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  1. John H. Stone1,
  2. Min Bao2,
  3. Jian Han2,
  4. Martin Aringer3,
  5. Daniel Blockmans4,
  6. Elisabeth Brouwer5,
  7. Maria C. Cid6,
  8. Bhaskar Dasgupta7,
  9. Jürgen Rech8,
  10. Carlo Salvarani9,
  11. Robert Spiera10,
  12. Sebastian Unizony1
  1. 1Mass Gen Hosp Rheumatol Unit, Harvard Med Sch, Boston, United States of America
  2. 2Genentech, South San Francisco, United States of America
  3. 3Rheumatology, Med III, U Med Cte TU Dresden, Dresden, Germany
  4. 4Dept Gen Internal Med, U Hosp Gasthuisberg, Leuven, Belgium
  5. 5Dept Rheumatol Clin Immunol, U Groningen, U Med Ctr, Groningen, Germany
  6. 6Dept Autoimmune Dis, Hosp Clín, U Barcelona, Inst d’Invest Biomèd August Pi i Sunyer, Barcelona, Spain
  7. 7Southend U Hosp, NHS Fndn Trust, Westcliff-on-Sea, United Kingdom
  8. 8Friedrich-Alexander-U Erlangen-Nürnberg, Dept Internal Med 3–Rheumatol Immunol, U Erlangen, Erlangen, Germany
  9. 9Div Rheumatol, Arcispedale Santa Maria Nuova-IRCCS, Reggio Emilia, Italy
  10. 10Hosp Special Surg, Cornell, United States of America


Background Tocilizumab (TCZ) 162 mg administered subcutaneously weekly (QW) or every-other-week (Q2W) plus 26-wk prednisone tapering resulted in higher rates of sustained glucocorticoid (GC)–free remission in patients (pts) with giant cell arteritis (GCA) than placebo plus 26-wk (PBO+26) or 52-wk (PBO+52) prednisone tapering in the 52-wk, double-blind, randomized controlled GiACTA trial.1

Objectives Determine long-term safety and explore maintenance of efficacy in GCA pts in a 2-year long-term extension (part 2) of this trial.

Methods At the end of the double-blind period, pts in clinical remission (CR) were instructed to stop double-blind TCZ treatment upon entering part 2. CR was defined as absence of flare per investigator assessment. GCA therapy, which could include initiation/termination of open-label TCZ and/or GC, was at the investigator’s discretion per disease status. Outcomes included maintenance of CR (no flare during part 2), flare, time to first flare, treatments received, cumulative GC dose, and safety. Treatment groups refer to originally assigned treatment (PBO or TCZ).

Results Among 250 pts treated in the double-blind period, 215 entered part 2 and 197 (92%) completed 3 years in the trial. Among the 81 TCZ QW and 36 TCZ Q2W pts in CR at wk 52, 38 (47%) and 13 (36%) pts, respectively, maintained CR during part 2. Of these 51 original TCZ pts, 33 (65%) were treatment-free (no TCZ and no GC treatment), which was higher than the treatment-free proportion of original PBO pts who maintained CR in part 2 (17/38; 45%). Median time to first flare while not receiving TCZ was longer for pts in the original TCZ groups (TCZ QW, 575 days; TCZ Q2W, 428 days) than for pts in the original PBO groups (PBO+26, 162 days; PBO+52, 295 days); TCZ QW pts remained flare-free the longest (Figure 1). Retreatment with TCZ (with or without GC) for flare was effective for restoring CR in part 2. Cumulative GC dose over the 3-year study was lowest in the TCZ QW group (median dose [mg/day]: TCZ QW, 2372.8; TCZ Q2W, 2863.0; PBO+26, 5006.0; PBO+52, 5322.5). Rates of serious adverse events per 100 pt-years over 3 years (double-blind period + part 2) were comparable for pts who never received TCZ (23.2) and who did receive ≥1 dose of TCZ (25.4), and rates of serious infections were 4.6 and 3.5 per 100 pt-years, respectively. Additional results will be presented for original PBO pts.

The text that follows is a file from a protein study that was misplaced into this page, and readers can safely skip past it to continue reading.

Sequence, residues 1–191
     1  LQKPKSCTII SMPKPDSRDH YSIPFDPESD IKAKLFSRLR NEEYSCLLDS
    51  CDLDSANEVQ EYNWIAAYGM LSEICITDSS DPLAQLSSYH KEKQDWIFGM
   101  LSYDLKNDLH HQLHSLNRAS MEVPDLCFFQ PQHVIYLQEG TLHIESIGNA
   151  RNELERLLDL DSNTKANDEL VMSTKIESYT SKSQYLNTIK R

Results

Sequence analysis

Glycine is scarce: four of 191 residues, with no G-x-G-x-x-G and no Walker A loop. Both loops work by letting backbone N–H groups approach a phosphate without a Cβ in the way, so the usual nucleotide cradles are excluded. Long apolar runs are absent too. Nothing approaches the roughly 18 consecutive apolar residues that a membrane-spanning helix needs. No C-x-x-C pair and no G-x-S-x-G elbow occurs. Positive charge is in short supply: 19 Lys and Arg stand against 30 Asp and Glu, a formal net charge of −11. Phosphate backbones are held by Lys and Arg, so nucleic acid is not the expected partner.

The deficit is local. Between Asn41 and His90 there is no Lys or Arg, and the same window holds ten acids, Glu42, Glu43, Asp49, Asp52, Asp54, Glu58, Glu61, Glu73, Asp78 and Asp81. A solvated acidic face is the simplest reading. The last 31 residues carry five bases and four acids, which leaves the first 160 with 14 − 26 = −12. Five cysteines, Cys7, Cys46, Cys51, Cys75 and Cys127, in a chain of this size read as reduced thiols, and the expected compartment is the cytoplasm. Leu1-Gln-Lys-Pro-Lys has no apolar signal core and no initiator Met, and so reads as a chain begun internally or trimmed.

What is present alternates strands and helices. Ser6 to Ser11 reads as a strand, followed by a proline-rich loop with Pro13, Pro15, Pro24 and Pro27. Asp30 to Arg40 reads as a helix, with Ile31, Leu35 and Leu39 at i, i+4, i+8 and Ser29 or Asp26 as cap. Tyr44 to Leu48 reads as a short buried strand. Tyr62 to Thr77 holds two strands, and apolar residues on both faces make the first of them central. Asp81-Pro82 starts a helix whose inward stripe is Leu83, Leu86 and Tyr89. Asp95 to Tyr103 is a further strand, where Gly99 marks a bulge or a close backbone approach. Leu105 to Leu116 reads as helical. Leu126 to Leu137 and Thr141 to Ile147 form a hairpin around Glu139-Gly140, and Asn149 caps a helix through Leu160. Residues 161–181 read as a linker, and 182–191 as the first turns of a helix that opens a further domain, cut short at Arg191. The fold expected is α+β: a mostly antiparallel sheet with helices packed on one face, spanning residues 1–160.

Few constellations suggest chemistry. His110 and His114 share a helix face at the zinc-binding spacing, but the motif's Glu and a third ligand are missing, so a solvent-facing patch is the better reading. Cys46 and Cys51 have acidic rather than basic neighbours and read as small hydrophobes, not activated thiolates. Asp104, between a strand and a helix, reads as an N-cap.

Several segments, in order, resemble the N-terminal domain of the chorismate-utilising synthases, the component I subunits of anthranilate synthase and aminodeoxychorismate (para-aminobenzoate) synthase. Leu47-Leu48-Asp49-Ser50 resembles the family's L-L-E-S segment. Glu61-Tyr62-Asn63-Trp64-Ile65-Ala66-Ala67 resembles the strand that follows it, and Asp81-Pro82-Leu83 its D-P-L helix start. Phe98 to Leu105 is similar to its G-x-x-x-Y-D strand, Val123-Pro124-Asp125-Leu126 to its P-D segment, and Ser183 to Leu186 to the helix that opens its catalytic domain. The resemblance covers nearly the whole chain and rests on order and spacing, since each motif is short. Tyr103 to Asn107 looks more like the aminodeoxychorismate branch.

Conclusion Nearly half the pts treated with TCZ QW maintained CR for the entirety of part 2, though flares still occurred in the remaining pts once they discontinued TCZ treatment. Among pts who maintained CR in part 2, higher proportions of those originally assigned to TCZ were treatment-free compared with those originally assigned to PBO. Retreatment with TCZ restored CR in pts who experienced flare. Cumulative GC doses over 3 years were lower in pts originally assigned to TCZ than in those originally assigned to PBO. No new safety signals were observed with TCZ exposure in GCA pts during the 3-year study.

References [1] Stone JH, et al. N Engl J Med. 2017;377:317-328.

Disclosure of Interests John H. Stone Grant/research support from: F. Hoffmann-La Roche, Genentech, Xencor, Consultant for: Chugain, F. Hoffmann-La Roche, Genentech, Xencor, Min Bao Shareholder of: F. Hoffmann-La Roche Ltd., Employee of: Genentech, Jian Han Shareholder of: F. Hoffmann-La Roche Ltd., Employee of: Genentech, Martin Aringer Grant/research support from: Roche, Consultant for: AstraZeneca and Eli Lilly, Daniel Blockmans: None declared, Elisabeth Brouwer Speakers bureau: Dr. Brouwer as an employee of the UMCG received speaker fees and consulting fees from Roche which were paid to the UMCG, Maria C. Cid Grant/research support from: Kiniksa Pharmaceuticals, Consultant for: Roche, GSK, Janssen, Abbvie, Speakers bureau: Boehringer-Inhelheim, Vifor, Bhaskar Dasgupta Consultant for: Roche, GSK, Sanofi, BMS, Abbvie, Speakers bureau: Roche, Jürgen Rech Grant/research support from: Bristol-Myers Squibb and Celgene (greater than $10,000), Consultant for: Bristol-Myers Squibb, Celgene, Chugai, GlaxoSmithKline, Janssen, Eli Lilly, Novartis, Roche, Sanofi Aventis, and UCB (in total more than $10,000), Speakers bureau: Bristol-Myers Squibb, Celgene, Chugai, GlaxoSmithKline, Janssen, Eli Lilly, Novartis, Roche, Sanofi Aventis, and UCB (in total more than $10,000), Carlo Salvarani: None declared, Robert Spiera Grant/research support from: Roche-Genentech, GlaxoSmithKline, Bristol-Myers Squibb, Boehringer Ingelheim, Cytori, Chemocentryx, Corbux, Consultant for: Roche-Genentech, GlaxoSmithKline, CSL Behring, Sanofi Aventis, Sebastian Unizony Grant/research support from: F. Hoffmann-La Roche, Genentech, Consultant for: Kiniksa, Sanofi, GSK

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